I haven’t seen the word “snappy” used so much in my life. One trip to either macforums or apple forums about the iPhone and you’ll be bombarded with posts both praising the iPhone’s snappiness (read: fast responsive interface) and complaining about how the 2.0 and above updates have taken away from the original iPhone’s snappiness. As a Windows Mobile user, I played around with a lot of different looks with the i760. I admit that this was a lot of fun at times, changing the look and interface using programs like SPB Mobile Shell and Ultimate Launcher. However, I ended up wasting a lot of time and patience doing this, and I know that many others do the same, some even trying to imitate the iPhone. Yes, the i760 and other Pocket PC’s have a touch screen, but nothing, and I mean nothing can compare to the Apple’s multi-touch screen. It is truly amazing, and although I have experienced some lag with email, contacts, and text messaging, these are lags that I faced as a WM user as well, and a small price to pay for everything else that I get. Plus, there’s the 2.1 update, not to mention all future updates that will continue to roll out (I know that there are 2 ways to look at this: 1) don’t release a product if it’s going to need updates or 2) Apple is continuing to refine its product and will let consumers in on the changes. I prefer to think in terms of the latter).

Screen size

One thing that I will not miss on the i760 is the small screen. The 3.5 inch diagonal on the iPhone gives you a lot of real estate to work with. Pictures, videos, and email are all beautifully displayed. As mentioned above, the multi-touch experience is a nearly flawless one, and I’m sure that future WM phones will incorporate this (I think it’s in the works for the next update of Windows Mobile, though I’d think that they’ll have to one-up Apple somehow, somewhere). I cannot wait to get Slingbox back on a portable device. I do miss that from the i760, but rumors have it that an iPhone application is in the works.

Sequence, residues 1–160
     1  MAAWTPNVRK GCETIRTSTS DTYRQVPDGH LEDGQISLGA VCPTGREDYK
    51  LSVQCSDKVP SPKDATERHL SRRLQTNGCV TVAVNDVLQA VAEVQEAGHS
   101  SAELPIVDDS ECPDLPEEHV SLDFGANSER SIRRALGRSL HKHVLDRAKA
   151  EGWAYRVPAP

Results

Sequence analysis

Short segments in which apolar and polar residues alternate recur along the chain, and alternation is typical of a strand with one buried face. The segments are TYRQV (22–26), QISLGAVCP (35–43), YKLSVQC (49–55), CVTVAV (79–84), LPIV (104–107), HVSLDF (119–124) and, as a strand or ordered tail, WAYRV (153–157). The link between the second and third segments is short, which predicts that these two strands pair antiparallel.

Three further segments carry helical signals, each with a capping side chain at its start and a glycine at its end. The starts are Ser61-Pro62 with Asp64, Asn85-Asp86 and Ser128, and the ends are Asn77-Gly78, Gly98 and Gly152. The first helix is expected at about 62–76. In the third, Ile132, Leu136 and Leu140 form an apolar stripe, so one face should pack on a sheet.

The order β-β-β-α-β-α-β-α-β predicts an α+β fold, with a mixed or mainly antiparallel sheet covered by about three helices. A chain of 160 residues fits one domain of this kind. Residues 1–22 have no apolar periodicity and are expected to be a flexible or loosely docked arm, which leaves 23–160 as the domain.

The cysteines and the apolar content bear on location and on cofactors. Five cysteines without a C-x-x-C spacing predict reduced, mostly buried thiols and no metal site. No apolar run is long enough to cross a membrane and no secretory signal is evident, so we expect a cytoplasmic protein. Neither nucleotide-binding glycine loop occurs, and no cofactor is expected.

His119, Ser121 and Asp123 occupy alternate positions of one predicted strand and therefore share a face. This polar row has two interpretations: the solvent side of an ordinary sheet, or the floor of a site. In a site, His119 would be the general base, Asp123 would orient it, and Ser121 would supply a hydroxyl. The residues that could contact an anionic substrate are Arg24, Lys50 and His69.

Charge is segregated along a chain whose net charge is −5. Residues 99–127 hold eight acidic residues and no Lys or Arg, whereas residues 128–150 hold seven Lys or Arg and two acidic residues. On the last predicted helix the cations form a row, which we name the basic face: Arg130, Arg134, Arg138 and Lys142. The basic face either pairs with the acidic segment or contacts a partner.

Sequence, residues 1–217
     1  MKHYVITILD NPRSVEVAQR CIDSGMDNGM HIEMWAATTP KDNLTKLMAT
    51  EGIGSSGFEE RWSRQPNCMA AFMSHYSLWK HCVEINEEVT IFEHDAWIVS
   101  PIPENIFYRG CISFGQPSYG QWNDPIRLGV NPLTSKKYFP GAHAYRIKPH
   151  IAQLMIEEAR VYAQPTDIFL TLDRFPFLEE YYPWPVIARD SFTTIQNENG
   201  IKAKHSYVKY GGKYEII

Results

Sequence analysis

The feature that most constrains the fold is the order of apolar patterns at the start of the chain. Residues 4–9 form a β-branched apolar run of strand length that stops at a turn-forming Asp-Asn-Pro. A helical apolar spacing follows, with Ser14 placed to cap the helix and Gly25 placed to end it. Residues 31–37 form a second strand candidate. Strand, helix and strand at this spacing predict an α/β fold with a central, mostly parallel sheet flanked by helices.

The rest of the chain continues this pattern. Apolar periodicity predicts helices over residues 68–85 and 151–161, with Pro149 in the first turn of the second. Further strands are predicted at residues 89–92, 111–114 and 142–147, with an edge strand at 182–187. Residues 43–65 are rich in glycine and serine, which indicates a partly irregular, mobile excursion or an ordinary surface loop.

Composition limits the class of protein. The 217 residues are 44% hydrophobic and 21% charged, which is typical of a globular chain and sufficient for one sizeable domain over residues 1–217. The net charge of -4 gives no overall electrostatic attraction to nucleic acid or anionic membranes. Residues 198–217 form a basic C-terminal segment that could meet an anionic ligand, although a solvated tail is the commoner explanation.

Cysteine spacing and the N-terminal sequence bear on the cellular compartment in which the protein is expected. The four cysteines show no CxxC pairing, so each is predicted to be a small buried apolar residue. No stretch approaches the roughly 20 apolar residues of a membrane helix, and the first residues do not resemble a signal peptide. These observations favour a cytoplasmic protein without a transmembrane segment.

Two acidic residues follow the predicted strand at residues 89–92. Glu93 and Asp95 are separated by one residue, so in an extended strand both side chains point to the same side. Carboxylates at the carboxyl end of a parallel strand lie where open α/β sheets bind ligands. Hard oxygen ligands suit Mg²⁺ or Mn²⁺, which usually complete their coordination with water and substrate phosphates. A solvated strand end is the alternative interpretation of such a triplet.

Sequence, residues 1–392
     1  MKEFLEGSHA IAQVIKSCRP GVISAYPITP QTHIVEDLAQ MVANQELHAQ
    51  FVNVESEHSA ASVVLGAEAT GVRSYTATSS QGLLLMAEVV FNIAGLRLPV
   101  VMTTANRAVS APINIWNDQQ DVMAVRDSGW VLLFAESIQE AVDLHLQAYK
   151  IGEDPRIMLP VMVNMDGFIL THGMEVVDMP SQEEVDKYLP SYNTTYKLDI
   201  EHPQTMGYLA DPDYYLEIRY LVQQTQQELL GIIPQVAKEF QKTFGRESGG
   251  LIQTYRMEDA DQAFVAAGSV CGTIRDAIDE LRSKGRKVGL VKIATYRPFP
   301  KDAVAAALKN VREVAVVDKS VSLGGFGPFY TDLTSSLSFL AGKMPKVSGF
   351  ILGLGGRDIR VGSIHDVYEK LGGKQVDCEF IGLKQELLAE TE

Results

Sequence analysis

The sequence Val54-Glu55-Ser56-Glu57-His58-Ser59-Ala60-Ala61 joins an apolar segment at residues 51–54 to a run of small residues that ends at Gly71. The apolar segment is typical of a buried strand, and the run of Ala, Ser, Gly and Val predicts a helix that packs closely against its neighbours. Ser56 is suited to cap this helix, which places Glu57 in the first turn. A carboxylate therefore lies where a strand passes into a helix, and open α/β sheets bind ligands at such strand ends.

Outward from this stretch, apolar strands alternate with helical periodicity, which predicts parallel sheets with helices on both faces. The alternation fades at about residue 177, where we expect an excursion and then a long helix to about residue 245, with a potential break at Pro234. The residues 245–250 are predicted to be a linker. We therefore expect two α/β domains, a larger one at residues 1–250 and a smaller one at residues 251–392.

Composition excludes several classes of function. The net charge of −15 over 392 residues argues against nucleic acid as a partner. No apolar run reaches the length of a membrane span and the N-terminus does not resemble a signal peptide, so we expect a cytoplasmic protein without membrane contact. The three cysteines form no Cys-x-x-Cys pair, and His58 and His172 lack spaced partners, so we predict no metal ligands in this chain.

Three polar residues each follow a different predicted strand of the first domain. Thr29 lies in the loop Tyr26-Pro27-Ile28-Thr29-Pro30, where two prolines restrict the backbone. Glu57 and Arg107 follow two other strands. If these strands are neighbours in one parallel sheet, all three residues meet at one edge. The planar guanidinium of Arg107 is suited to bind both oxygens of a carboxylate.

MS Outlook integration

Score one for the i760 here. There’s no denying that Microsoft is going to win out since its own device should work seamlessly with its own programs. I’m not a huge business user, so I did not need to edit Word docs, Excel spreadsheets, and Powerpoints on the fly. Although I am sure that there are going to be ways to do this on the iPhone, you are probably better off sticking with the Pocket PC. If your needs are less intensive, the iPhone offers a decent alternative for all of those programs. I can view most MS Office documents just fine, and unlike the i760 (unless accompanied by a 3rd party email program like Flexmail), I can read HTML emails as intended on the iPhone. The calendar application on the iPhone is pretty cool, though I was able to add more details into an appointment on the i760. You’re probably familiar with the contacts app on the iPhone already, and there are some decent look-alikes on the Pocket PC, but it’s much smoother on the iPhone, even with the occasional lag at the beginning. Lastly, syncing with the iPhone has been much slower than with the i760. Since it’s through iTunes, it is a bit of a tedious chore to sync repeatedly. Unlike Activesync, which would automatically sync when new information was entered, I have to manually sync the iPhone via iTunes. With all of the trouble I’ve had in the past with Activesync, I never thought I’d actually be praising it.

Bells and Whistles

In addition to the above points, the iPhone adds several more bells and whistles that just add to the overall experience and “coolness” factor. These include Visual Voicemail, the accelerometers (dim when close to ear, “shakeability” for apps, smooth portrait/landscape transition), and conversational text messaging. I don’t use MMS, so I don’t really miss that, and there seems to be some apps to work around the inability to store files on the iPhone. Would copy/paste be nice? Sure, but having GPS on my phone more than makes up for that. The i760 only had Google Maps and was not able to “find” your location.

More to come?

I’d be interested and happy to discuss any other differences in case you’re like me and was on the fence of getting an iPhone. Leave a comment, and I’ll be sure to reply. Again, I don’t want to make it into a Windows vs. Apple debate. They both have their strengths and weaknesses, but the iPhone has firmly established itself in my opinion as the gadget of all gadgets.


Filed under: iPhone, Reviews, , , , , , , , ,